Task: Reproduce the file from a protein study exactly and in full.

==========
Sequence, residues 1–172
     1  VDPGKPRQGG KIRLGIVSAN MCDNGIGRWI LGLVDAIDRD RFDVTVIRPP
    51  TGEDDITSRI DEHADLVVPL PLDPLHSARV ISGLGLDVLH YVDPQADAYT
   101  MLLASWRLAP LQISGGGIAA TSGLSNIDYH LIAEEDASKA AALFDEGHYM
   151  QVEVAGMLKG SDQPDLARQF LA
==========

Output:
Sequence, residues 1–172
     1  VDPGKPRQGG KIRLGIVSAN MCDNGIGRWI LGLVDAIDRD RFDVTVIRPP
    51  TGEDDITSRI DEHADLVVPL PLDPLHSARV ISGLGLDVLH YVDPQADAYT
   101  MLLASWRLAP LQISGGGIAA TSGLSNIDYH LIAEEDASKA AALFDEGHYM
   151  QVEVAGMLKG SDQPDLARQF LA